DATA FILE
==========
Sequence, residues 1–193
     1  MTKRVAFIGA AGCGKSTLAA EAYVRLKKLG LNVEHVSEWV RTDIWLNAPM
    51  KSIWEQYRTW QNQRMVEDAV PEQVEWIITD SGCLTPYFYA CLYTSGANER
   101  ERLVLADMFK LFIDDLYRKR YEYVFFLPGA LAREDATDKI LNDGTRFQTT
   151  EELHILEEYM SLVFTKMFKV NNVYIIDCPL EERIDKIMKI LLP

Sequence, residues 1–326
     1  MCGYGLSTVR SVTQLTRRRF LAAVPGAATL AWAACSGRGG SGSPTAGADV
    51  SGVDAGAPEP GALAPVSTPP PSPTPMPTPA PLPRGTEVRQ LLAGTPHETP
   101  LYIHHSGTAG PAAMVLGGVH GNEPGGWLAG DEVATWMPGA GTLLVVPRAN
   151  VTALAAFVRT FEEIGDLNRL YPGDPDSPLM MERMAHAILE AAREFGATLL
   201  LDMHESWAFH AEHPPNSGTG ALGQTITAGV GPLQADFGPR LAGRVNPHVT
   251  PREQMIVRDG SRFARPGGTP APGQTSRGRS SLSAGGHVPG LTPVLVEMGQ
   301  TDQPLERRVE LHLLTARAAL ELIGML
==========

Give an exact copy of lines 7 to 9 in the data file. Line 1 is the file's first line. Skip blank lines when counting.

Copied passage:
     1  MCGYGLSTVR SVTQLTRRRF LAAVPGAATL AWAACSGRGG SGSPTAGADV
    51  SGVDAGAPEP GALAPVSTPP PSPTPMPTPA PLPRGTEVRQ LLAGTPHETP
   101  LYIHHSGTAG PAAMVLGGVH GNEPGGWLAG DEVATWMPGA GTLLVVPRAN